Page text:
WASHINGTON - Gunfire in a Northeast D.C. neighborhood Sunday afternoon has left many residents upset.
It was not long after noon when numerous shots were fired at the intersection of 8th Street and Maryland Avenue.
Residents showed us the aftermath with pictures showing shattered glass and bullet holes in rear windows and the interior of vehicles.
Neighbors were so upset that they called for a public meeting Tuesday night.
"This was really just a miracle that somebody wasn't hit," said Ali Noorani.
When he looked at the police report on the incident, he was surprised to see the crime was listed as "DESTRUCTION OF PROPERTY - FELONY."
"Most concerning about this is that they still don't know what happened," he said. "In fact, for the Metropolitan Police Department to call this a destruction of property I think -- is it misleading the public?"
We looked at the report and the narrative does talk about damage to vehicles by gunshots. It points out seven casings and two bullet fragments were found at the scene.
"At the end of the day, what is the line between destruction of property and seven bullets and hitting a person?" said Noorani.
We asked D.C. Councilmember Charles Allen why the case was classified simply as destruction of property.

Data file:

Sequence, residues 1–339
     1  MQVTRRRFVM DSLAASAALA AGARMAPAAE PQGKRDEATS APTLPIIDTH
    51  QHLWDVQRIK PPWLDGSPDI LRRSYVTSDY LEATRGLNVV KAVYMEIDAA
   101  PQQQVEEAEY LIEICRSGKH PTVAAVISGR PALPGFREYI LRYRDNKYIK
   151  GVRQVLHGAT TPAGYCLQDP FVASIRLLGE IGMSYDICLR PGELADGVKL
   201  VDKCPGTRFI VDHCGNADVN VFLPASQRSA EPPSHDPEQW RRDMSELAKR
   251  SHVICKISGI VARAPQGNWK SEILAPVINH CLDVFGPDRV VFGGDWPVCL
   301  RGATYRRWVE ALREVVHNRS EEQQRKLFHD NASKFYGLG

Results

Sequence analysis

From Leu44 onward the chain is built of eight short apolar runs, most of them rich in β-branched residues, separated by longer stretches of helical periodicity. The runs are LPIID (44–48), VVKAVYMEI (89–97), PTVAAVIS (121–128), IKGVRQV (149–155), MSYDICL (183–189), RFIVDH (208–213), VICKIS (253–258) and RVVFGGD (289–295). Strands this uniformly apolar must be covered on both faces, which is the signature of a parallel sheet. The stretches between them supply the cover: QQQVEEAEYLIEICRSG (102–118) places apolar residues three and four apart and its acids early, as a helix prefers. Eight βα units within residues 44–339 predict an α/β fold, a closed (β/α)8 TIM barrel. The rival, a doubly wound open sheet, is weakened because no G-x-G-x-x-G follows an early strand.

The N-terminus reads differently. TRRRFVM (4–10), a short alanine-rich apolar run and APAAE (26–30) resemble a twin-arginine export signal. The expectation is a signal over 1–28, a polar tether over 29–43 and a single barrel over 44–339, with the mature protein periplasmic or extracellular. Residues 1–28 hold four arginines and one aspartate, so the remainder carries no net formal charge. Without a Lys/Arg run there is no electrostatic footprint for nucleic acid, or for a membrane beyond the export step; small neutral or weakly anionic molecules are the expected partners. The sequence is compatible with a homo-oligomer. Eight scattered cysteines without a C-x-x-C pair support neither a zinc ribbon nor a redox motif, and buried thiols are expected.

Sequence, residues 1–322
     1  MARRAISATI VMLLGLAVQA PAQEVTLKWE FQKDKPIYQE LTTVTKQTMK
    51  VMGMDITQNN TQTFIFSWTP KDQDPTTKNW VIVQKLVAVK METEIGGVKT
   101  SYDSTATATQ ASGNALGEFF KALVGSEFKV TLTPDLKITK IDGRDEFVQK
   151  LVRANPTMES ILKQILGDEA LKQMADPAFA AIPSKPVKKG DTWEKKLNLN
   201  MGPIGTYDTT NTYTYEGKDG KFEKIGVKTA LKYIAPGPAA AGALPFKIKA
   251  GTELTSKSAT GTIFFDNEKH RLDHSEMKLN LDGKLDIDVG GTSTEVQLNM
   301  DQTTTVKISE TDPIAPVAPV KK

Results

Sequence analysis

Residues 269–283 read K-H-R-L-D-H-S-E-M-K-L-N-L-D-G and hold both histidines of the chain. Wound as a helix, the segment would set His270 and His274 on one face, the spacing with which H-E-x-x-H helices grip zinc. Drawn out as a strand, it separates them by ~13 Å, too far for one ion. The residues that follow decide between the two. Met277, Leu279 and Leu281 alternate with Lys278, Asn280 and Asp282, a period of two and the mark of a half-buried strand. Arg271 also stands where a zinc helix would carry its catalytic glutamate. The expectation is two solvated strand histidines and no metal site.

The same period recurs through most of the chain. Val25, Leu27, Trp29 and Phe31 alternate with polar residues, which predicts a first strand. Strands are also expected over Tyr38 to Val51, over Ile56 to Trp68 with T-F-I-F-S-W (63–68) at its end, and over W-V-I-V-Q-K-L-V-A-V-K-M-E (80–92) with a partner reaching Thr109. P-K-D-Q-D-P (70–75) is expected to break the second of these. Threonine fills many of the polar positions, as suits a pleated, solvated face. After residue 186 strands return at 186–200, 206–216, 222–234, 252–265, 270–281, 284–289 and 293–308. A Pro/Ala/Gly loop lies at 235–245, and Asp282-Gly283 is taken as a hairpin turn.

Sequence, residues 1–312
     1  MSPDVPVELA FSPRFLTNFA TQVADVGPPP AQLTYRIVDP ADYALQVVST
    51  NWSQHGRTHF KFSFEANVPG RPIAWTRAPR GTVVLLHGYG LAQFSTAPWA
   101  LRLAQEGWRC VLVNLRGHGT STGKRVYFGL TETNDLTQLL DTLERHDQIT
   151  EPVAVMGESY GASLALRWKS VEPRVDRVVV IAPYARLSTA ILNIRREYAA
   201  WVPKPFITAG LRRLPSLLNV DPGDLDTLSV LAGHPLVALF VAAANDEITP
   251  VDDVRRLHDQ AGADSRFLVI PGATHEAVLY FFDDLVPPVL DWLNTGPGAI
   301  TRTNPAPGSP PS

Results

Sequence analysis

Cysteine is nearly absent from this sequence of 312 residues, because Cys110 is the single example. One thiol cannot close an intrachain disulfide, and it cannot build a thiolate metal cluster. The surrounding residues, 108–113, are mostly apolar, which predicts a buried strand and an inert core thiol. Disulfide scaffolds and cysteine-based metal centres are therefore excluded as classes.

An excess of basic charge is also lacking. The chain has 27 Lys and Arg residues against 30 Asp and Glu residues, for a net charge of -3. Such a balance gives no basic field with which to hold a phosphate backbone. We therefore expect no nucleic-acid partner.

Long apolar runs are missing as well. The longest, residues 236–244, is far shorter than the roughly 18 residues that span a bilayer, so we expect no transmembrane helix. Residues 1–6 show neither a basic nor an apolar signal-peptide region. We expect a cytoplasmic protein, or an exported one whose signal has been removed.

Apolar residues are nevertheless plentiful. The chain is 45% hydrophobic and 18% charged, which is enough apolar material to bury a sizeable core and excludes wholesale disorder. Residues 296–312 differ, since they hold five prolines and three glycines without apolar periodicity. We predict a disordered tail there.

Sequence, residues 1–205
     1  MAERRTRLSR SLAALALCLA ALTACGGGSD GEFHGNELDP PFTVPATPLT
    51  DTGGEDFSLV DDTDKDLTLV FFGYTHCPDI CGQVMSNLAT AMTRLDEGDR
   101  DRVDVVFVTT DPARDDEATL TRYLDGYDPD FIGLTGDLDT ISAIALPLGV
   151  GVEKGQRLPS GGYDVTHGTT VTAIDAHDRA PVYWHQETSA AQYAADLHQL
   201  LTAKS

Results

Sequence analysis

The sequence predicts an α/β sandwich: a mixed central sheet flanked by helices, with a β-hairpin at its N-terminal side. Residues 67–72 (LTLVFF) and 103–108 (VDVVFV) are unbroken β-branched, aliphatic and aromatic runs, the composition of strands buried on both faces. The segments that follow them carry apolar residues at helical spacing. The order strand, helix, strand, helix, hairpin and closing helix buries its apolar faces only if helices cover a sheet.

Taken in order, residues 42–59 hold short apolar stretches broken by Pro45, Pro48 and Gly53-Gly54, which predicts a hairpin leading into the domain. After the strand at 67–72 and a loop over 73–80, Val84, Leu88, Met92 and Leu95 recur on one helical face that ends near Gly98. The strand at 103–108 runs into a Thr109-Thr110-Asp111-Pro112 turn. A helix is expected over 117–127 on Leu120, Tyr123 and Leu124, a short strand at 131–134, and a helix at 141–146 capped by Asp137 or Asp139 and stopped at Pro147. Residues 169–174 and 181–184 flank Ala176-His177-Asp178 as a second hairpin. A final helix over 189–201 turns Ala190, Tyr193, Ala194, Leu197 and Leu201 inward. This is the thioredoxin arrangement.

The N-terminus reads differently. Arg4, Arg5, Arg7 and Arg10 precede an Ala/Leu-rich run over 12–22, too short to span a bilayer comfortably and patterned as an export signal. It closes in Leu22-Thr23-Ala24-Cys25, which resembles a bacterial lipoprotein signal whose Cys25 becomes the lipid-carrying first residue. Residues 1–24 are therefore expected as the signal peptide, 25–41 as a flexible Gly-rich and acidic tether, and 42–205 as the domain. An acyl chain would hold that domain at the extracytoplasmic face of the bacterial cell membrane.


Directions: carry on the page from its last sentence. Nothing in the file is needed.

"Every time I've had a conversation with the commander for that area, he described it as a shooting," said Allen. "It's pretty clear it's a shooting. The destruction of property came from a gun and so that's what is unacceptable and we'll certainly make sure it's very clear this is a shooting."
Residents even referred to us a crime report online that lists most crimes within 1,000 feet of Maryland Avenue and 8th Street over the last year. There is a category for assaults with a dangerous weapon, but there is nothing for destruction of property.
We also spoke with Councilmember Kenyan McDuffie, who said his office is looking into how all crime is reported in the city.
D.C. Police Chief Cathy Lanier told us if someone does come forward to say they witnessed this shooting, it will be reclassified. But she said this report was done according to current code.
This is not the first time we have heard about an issue with a classification of a crime. A few weeks ago, FOX 5 reported on a story about a D.C. man who was attacked and slashed on the face.
He said while he was in the hospital room with his face being stitched up, there was a conversation by the police on whether to consider his assault a simple assault or a felony. In that case, the officer with him insisted that it be classified as a felony assault.